State Atty. Gen. Larry Long said he saw no problem with that term: “The women know their pregnancy isn’t a monkey or a German shepherd. Why is it so offensive to tell them it’s a human being?”

But abortion providers -- and some outside legal experts -- disagree.

“If a patient asked our doctors, ‘When does life begin?’ they would respond that there’s no scientific answer to that. It’s a religious, spiritual, personal [question] that women have to answer for themselves,” said Sarah Stoesz, chief executive for Planned Parenthood affiliates in South Dakota, North Dakota and Minnesota.

“This isn’t neutral medical information. This is saying, in so many words, that abortion is murder of a human being,” said John Seery, a political scientist at Pomona College who studies abortion politics.

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The South Dakota Legislature passed the informed-consent provision in 2005, but Planned Parenthood sued to block it. A district judge ruled that the law could not take effect until the suit was resolved. The state appealed that decision to a three-judge panel of the 8th Circuit Court of Appeals -- which ruled in October that the law should remain blocked. In an unusual move, the circuit court then voted to hear the case again before the entire bench of 11 judges.

That was the hearing that unfolded Wednesday morning; both sides described it as animated and intense -- and both declined to predict an outcome, saying the judges appeared to be closely divided.

As antiabortion activists await the ruling, which could take months, they continue the push to expand consent laws, often supporting their position with fat stacks of affidavits from women who say that having an abortion harmed them psychologically or physically.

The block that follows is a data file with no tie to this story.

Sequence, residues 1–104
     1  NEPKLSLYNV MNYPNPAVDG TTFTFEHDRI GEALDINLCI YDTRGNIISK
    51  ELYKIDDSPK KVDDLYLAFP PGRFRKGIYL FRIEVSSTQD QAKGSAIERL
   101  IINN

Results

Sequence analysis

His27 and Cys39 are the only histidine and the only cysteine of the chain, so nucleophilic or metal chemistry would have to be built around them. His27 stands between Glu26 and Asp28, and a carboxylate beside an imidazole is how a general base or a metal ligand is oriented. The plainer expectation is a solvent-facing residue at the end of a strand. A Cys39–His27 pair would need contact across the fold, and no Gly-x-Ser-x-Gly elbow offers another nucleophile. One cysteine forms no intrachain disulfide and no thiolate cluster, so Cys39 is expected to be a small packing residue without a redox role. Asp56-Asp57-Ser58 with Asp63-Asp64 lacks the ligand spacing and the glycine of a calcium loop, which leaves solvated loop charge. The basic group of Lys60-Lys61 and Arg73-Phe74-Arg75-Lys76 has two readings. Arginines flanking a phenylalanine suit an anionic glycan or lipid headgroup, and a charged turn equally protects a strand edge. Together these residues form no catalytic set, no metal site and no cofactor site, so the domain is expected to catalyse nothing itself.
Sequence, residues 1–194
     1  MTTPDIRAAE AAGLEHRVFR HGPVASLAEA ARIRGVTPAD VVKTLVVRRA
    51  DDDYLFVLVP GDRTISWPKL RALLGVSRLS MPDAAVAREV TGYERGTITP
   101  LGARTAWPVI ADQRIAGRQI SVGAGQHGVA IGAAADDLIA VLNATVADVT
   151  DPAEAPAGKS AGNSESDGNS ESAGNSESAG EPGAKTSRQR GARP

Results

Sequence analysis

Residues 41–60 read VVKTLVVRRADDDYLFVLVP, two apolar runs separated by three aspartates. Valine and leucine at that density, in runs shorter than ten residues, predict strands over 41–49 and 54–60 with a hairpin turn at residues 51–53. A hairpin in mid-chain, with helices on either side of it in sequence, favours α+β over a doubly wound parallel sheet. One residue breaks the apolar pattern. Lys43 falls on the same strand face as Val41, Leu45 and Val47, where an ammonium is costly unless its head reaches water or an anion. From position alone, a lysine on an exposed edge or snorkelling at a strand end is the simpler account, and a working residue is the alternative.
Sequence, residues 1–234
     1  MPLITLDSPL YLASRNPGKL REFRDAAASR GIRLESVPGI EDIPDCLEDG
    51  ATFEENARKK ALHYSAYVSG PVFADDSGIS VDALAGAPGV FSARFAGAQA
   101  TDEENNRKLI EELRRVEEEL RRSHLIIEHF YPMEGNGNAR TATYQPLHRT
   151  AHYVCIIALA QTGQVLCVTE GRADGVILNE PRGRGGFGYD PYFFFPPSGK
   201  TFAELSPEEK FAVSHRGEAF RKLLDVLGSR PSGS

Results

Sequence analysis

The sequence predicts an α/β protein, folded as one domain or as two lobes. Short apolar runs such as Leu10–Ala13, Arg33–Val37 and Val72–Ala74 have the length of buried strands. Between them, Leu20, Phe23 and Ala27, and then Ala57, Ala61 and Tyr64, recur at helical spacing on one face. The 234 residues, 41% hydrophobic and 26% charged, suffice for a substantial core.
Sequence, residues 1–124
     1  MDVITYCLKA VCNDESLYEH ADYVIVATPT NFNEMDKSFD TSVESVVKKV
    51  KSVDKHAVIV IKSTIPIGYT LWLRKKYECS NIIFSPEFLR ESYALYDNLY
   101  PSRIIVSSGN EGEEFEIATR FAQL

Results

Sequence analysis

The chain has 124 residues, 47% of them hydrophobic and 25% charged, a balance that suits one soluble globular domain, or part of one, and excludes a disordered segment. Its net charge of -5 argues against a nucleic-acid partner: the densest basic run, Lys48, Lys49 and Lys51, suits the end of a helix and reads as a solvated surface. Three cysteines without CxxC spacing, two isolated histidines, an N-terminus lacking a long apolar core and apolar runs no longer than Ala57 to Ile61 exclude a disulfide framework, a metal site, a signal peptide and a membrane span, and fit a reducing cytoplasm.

At least four states require doctors to perform ultrasounds on all patients and give women the option of viewing those images. South Carolina would be the first in the nation to require women to see pictures from inside their wombs. The bill passed the state House overwhelmingly and is moving through the Senate. Missouri recently introduced a similar bill.

Another emerging strategy is to require doctors to talk to their patients about fetal pain -- and in some cases, to offer anesthesia for the fetus. Several states, including Minnesota, mandate such discussions, at least for late-term abortions. Minnesota is also among several states that compel doctors to inform women that abortion may be linked to breast cancer, though national cancer experts have found no such connection.

Until recently, Seery said he would have considered the drive to expand consent laws a winning strategy for the antiabortion movement. But he notes that South Dakota voters last fall rejected a legislative effort to ban virtually all abortions. He suspects the far-reaching provisions in the consent law will provoke a similar backlash.

“Aggressive legislators may overplay their hand,” Seery said. “Let’s just see whether the court will let this stand.”

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stephanie.simon@latimes.com